Consumer Reports

Buying Guide

Man opening a french door refrigerator
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Refrigerator Buying Guide

Find the Best Refrigerator for Your Needs

When it comes to refrigerators nowadays, options go way beyond simply getting a glass of ice water without having to open the door. With custom panels, you can get a built-in that exactly matches your kitchen cabinets. And forget four doors—some newer models have five or more. You can even pull out a refrigerated drawer and find it full of frosty sodas. Our fridge-by-fridge guide helps you choose the right type for your home, de-mystifies claimed vs. actual usable storage space, and helps you find the least noisy models—so you, and your groceries, can chill out.


Find the Best Refrigerator for Your Needs


Pick A Style

There's a configuration to suit every household. French-door models are exploding in popularity. Many consumers swear by the convenience of bottom freezers, but top freezers and side-by-sides can make more efficient use of space in a smaller kitchen. Here's what you need to know to make the best choice.

Top Freezer

A traditional fridge, that's good for a lot of storage in a fairly tight spot. These tend to offer the most space for their size (typically 30 to 33 inches wide). Manufacturers claim up to 22-cubic-foot capacities, but our tests found about 20 percent less. Allow for a wide swing of the doors, and get used to crouching down to reach lower shelves and drawers.
Top Freezer Ratings

Bottom Freezer

They range from 30 to 36 inches wide and claimed capacities approach 30 cubic feet, though usable space is less than that of comparable top-freezers (which cost less than these, too). Instead of the freezer (which you use less) being eye level, your fridge shelves are easily scan-able. Just get used to squatting to rifle through frozen goods.
Bottom Freezer Ratings

French Door

It has two narrow doors on top, and the freezer below. Sometimes there is one drawer (or more) in between. Widths range from 30 to 36 inches. Claimed capacities go up to 30 cubic feet, though usable space doesn’t match that of comparable top-freezer models. The space-saving small-swing doors have the added value of opening only half the fridge when stashing smaller items. More of these now have the sought-after in-door water/ice dispensers.
French Door Refrigerator Ratings


With the fridge on one side and freezer on the other, these usually have through-the-door ice and water dispensers and temperature-controlled bins. With widths typically 32 to 36 inches, they claim roughly 30 cubic feet capacity (but only about 70 percent is usable). Narrow doors are a plus for small kitchens, but don’t open wide enough for, say, a pizza box, and tall, narrow compartments make items stuck at the back hard to find. Overall, they’re not as energy- or space-efficient.
Side-by-Side Refrigerator Ratings


Pricey and made to fit almost flush with cabinets and counters, these sleek beauties typically come in bottom-freezer and side-by-side styles, but sometimes French-door or four-door. These are usually wide (36 inches plus), with 25 cubic feet capacity (of which only about 70 percent is usable). Look for optional front panels to match your kitchen cabinets. Get the look for a little less with freestanding cabinet-depth versions. Another built-in option: A column fridge, as narrow as 18 inches, to make the most of every kitchen nook.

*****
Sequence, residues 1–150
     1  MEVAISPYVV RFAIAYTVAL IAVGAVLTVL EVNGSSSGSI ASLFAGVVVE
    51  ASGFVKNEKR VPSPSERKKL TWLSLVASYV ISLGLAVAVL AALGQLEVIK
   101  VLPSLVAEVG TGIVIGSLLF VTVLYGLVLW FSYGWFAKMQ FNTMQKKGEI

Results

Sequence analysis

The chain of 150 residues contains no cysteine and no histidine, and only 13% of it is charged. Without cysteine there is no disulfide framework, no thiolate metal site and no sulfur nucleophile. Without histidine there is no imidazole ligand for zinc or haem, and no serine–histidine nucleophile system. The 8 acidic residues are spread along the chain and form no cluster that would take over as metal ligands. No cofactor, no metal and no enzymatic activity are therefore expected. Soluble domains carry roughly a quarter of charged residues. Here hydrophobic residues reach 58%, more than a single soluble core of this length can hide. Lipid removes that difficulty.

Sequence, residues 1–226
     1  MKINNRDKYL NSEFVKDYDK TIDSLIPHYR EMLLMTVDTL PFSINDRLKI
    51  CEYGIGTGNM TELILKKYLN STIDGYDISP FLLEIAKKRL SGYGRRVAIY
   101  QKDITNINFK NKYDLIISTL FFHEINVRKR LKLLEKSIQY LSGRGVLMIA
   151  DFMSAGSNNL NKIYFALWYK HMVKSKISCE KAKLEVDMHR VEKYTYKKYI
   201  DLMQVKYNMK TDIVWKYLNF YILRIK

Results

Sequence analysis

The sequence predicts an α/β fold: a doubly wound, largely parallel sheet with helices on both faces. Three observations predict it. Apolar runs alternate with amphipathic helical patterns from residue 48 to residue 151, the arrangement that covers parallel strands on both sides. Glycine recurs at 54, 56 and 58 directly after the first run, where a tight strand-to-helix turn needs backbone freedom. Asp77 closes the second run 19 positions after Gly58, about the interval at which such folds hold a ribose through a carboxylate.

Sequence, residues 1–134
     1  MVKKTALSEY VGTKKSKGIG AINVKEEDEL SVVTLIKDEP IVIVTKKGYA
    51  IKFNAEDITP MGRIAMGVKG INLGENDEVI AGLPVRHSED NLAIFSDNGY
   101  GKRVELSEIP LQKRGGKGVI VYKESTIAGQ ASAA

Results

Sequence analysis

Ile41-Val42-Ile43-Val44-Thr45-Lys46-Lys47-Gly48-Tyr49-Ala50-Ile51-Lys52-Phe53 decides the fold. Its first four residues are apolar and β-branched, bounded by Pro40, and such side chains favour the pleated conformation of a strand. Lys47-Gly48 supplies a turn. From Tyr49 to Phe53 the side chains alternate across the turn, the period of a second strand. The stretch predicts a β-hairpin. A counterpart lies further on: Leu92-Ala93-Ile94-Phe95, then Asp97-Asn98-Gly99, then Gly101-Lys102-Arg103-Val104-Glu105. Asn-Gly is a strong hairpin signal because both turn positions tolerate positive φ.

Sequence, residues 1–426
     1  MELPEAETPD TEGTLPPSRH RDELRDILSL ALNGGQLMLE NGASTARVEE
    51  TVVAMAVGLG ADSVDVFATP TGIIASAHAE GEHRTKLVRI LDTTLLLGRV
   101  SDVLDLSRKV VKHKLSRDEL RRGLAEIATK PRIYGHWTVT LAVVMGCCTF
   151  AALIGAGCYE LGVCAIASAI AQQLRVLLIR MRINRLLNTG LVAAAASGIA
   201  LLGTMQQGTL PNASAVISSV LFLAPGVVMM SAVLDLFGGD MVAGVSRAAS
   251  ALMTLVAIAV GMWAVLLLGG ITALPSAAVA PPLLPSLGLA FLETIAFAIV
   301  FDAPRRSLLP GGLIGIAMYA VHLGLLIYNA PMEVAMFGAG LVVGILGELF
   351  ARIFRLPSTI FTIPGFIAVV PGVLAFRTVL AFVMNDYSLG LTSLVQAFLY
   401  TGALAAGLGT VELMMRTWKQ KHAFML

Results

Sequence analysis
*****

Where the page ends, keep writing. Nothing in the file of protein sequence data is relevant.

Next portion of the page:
Built-In Refrigerator Ratings
winter/snow tires

Compact or Mini

Perfect for a dorm room, your office, or a kitchenette. Keep in mind that some models have only one quarter the capacity of a regular fridge, but cost just as much to operate. Temperature performance can be iffy in some models (allowing it to rise above 40 degrees F, the point at which your grub sprouts harmful bacteria), so save these babies for sodas and other beverages or for temporary storage of snacks (rather than milk, mayo, or other perishables).
Compact/Mini Fridges

Consider Size

Most configurations come in a range of sizes and capacities. Always measure where you plan to put the fridge before you buy. Check that it can fit through doorways. Allow room for the refrigerator's doors to swing open, and for a one inch clearance around sides and back for adequate airflow.

As for capacity, most manufacturers recommend 19 to 22 cubic feet for a family of four. But if you do a big weekly shopping trip or buy in bulk, you may need more—up to about 30 to 33 cubic feet. Note: Our tests found that the amount of usable storage capacity was often less than the amount claimed.



Decode the EnergyGuide Label

Energy efficiency has become a big selling point with consumers. All new fridges are a lot more efficient than they were a decade ago, but here's a look behind the label—to help you go as green as possible.

The EPA Energy Star rating is a good place to start when shopping; it means that a product is in the top 25 percent in the market, but efficiency varies by model (i.e. an unlabeled top-freezer might be more efficient than an ES-approved French door model). Additionally, we test for energy consumption, which can add up to a $50-60 difference a year, more than $500 over the life of the unit.

For an apples-to-apples comparison of which models are most efficient, look at the EnergyGuide labels of your favorite fridges, and compare the annual operating costs and the kilowatt-hours used per year.


Five Features You'll Want

Fridges at all price points are increasingly fitted out with options to make your life easier and more organized. French door models are usually the most loaded. Just know if you can't live without a built-in wine rack or an in-door coffeemaker, you'll have to pay top prices. These features are the ones we think will make you happiest:

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